Photo Credit: Jewish Press

The first Jews settled in New York in 1654. They established Congregation Shearith Israel, known as the Spanish/Portuguese synagogue, soon after their arrival. Until the last third of the 19th century the congregation was led not by rabbis but by a series of hazzanim. One of the most distinguished of these hazzanim was Joseph Jesurun Pinto (1729 – 1782).

Pinto was appointed to the position in 1758. He had been recommended to Shearith Israel for the position by the trustees of London’s Spanish and Portuguese synagogue as someone with high qualifications for the position.

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“Born in Amsterdam in 1729, he had gone from there to London. He knew both Spanish and Portuguese besides Hebrew, Dutch, and English. He responded to New York’s call and served Shearith Israel from 1758 to 1766.

“He had left behind him in London his fiancée. When he came to New York he commissioned a judge in the London religious court, the Dayan David de Castro, to act as his proxy and affiance to him in absentia Rebecca, daughter of Moses de la Torre. She then joined him in New York as his wife…

“Pinto’s ministry marked a high point in the struggling congregation’s spiritual development. He was well versed in Hebrew and rabbinic literature, and was markedly spiritual. These two characteristics are eloquently attested in a long introspective letter which he wrote in Hebrew to the board of trustees of the congregation. In this, with numerous quotations from the Talmud and Midrash, he fervently examines his own soul.”

In that letter he wrote about his voyage to America and his determination to serve his new congregation:

[I]t happened that when I was on board ship, I had no strength to fast, and I was forced to forego three fasts, one for the soul of my father, one for the soul of my mother, and the third for the tenth of Tebet. And I vowed still another fast to give thanks to God for bringing me hither and delivering me from the waters of the sea. . . .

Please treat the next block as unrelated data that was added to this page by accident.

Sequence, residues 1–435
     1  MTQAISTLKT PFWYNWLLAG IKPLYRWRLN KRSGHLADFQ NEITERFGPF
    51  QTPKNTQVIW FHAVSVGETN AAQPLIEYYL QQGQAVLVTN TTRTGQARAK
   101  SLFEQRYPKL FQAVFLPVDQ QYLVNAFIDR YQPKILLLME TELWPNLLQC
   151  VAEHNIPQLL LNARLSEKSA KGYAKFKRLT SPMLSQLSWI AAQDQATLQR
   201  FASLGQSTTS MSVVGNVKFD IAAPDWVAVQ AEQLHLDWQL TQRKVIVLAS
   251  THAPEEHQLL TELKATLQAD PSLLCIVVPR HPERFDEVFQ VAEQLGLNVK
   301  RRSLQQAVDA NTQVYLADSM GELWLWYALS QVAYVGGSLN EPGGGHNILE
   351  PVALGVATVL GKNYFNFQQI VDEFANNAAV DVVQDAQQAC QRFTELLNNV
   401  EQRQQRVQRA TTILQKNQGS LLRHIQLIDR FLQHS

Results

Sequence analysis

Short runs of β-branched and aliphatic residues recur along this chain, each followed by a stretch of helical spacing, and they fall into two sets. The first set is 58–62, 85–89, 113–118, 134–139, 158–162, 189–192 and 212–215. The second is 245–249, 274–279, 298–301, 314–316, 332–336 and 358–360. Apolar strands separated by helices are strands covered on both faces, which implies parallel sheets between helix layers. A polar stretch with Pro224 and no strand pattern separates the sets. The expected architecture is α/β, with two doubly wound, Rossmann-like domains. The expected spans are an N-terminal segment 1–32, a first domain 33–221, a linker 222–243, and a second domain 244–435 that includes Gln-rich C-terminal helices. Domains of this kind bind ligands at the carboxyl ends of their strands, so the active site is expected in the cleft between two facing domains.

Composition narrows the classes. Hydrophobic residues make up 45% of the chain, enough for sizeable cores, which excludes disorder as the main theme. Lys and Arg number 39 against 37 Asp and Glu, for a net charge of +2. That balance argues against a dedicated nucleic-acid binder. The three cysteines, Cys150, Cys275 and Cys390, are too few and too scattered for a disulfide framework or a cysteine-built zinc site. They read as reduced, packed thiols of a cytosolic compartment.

Having completed this introspection, and having found myself guiltless save in the instance above-mentioned, I determined to do penance for all the transgressions of my life-above all for evil thoughts. . ..

And since I have come to the rest and to the inheritance which the Lord my God has given me but have not benefited from it so far, I will vow that henceforth I shall do nothing unseemly in the eyes of God and man. . ..

And if you so will, and I find grace in your eyes, you may try me from now to Rosh Hashanah without any pay to see whether I do my duty. Moreover, you may put upon me whatever conditions you will, and I will agree thereto and sign my name to the contract. Should I fail to carry out any of the conditions, you will not be obliged to pay anything, and I shall leave my profession for ever. . . .” [i]

“Of all the ministers until modem times who served Shearith Israel, Pinto was one of the most knowledgeable in Hebrew and rabbinic literature. He taught Spanish and Portuguese as well as Hebrew, and he spoke English and native Dutch.

“Pinto’s writings began at age twenty-one when he prepared a lengthy guide (entitled Seder Hazanut) for young synagogue clerics. The guide, written in Portuguese, included numerous Hebrew and Spanish quotations from Jewish authorities and amply demonstrated his grasp of Amsterdam’s Sephardic liturgical traditions and customs. In New York Pinto expanded the book to include annotations on the practices of Shearith Israel Congregation that differed from those of London and Amsterdam.

“In 1759 Pinto finished his compendium and calendar, a systematic compilation of all traditions, customs, and ceremonies of the New York congregation, including a religious calendar for the specific times of divine services adapted from the Amsterdam timetable. Shearith Israel used the famed Pinto Calendar to set its Sabbath eve services for several centuries until recent times.”[ii]